CRANE CONSERVATION ACT OF 2009 -- (House of Representatives - April 21, 2009)
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COMMITTEE ON FOREIGN AFFAIRS,
Washington, DC, April 21, 2009.
Hon. Nick J. Rahall II,
Chairman, Committee on Natural Resources, House of Representatives, Washington, DC.
Dear Mr. Chairman: I am writing to you concerning H.R. 388, the Crane Conservation Act of 2009, and H.R. 411, the Great Cats and Rare Canids Act of 2009.
These bills contain provisions within the Rule X jurisdiction of the Committee on Foreign Affairs. In the interest of permitting your Committee to proceed expeditiously to floor consideration of these important bills, I am willing to waive this Committee's right mark up these bills. I do so with the understanding that by waiving consideration of the bills, the Committee on Foreign Affairs does not waive any future jurisdictional claim over the subject matters contained in the bills which fall within its Rule X jurisdiction.
Further, I request your support for the appointment of Foreign Affairs Committee conferees during any House-Senate conference convened on this legislation. I would ask that you place this letter into the Congressional Record when the Committee has these bills under consideration.
I look forward to working with you as we move these important measures through the legislative process.
Howard L. Berman,
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Mr. BERMAN. Mr. Speaker, I rise in support of H.R. 388, the Crane Conservation Act of 2009. I strongly endorse this effort to provide financial resources and foster international cooperation to restore and perpetuate healthy populations of endangered species and to protect threatened habitats.
This bill establishes a fund to support specific conservation activities by ``any wildlife management authority'' of a foreign country that meets certain criteria, as well as groups and individuals with demonstrated, relevant expertise. While supporting such efforts is a key element of any effective conservation strategy, it seems to me that such funding in effect constitutes a new form of foreign assistance that ought to be carefully coordinated with our other foreign aid programs.
In the first place, it is essential that the Secretary of the Interior, who will be administering these programs, consult closely with the Secretary of State to ensure that these activities will not conflict with our overall foreign policy objectives. For instance, if there are problems with corruption or transparency and accountability in a particular government, the State Department would be in a better position to know which entities are reliable partners, and to ensure that funding is not diverted to unauthorized purposes. There may also be some countries to which all other government-to-government aid has been terminated for political or human rights reasons, and in which these conservation activities ought to be conducted exclusively through non-governmental organizations.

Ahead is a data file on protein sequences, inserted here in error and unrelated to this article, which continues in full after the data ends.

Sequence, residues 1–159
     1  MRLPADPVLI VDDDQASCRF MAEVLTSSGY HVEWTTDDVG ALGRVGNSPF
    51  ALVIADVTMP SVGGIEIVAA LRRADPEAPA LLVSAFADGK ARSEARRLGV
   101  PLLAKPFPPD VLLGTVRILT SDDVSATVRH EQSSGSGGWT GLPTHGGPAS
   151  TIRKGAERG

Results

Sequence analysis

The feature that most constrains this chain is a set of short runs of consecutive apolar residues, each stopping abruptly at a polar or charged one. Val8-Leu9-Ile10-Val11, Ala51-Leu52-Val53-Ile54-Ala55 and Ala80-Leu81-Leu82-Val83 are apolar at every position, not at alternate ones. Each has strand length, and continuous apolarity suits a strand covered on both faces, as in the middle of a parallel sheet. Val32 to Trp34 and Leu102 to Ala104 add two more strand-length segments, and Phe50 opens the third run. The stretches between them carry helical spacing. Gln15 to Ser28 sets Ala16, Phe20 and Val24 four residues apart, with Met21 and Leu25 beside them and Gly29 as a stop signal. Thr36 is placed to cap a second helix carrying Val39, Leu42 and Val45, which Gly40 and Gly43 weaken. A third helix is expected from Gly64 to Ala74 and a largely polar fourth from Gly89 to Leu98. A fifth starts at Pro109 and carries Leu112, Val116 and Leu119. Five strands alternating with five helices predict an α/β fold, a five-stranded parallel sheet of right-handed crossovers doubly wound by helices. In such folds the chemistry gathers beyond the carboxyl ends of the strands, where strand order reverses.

Secondly, the State Department, the United States Agency for International Development, the Millennium Challenge Corporation, the Peace Corps and other foreign policy agencies may be carrying out their own environmental programs in a given--country. The conservation activities supported by this new fund must be coordinated with ongoing and planned efforts of such agencies in order to avoid duplication and overlap and to seize openings for collaboration. Without a mechanism for consultation with the State Department and USAID, opportunities to build synergy among programs will be lost and the risks of waste and inefficiency will escalate.
In light of these concerns, I would strongly urge that in implementing these new provisions, the Secretary of Interior develop a mechanism for full and meaningful consultation with the State Department, USAID and the foreign policy agencies under the Department's guidance.
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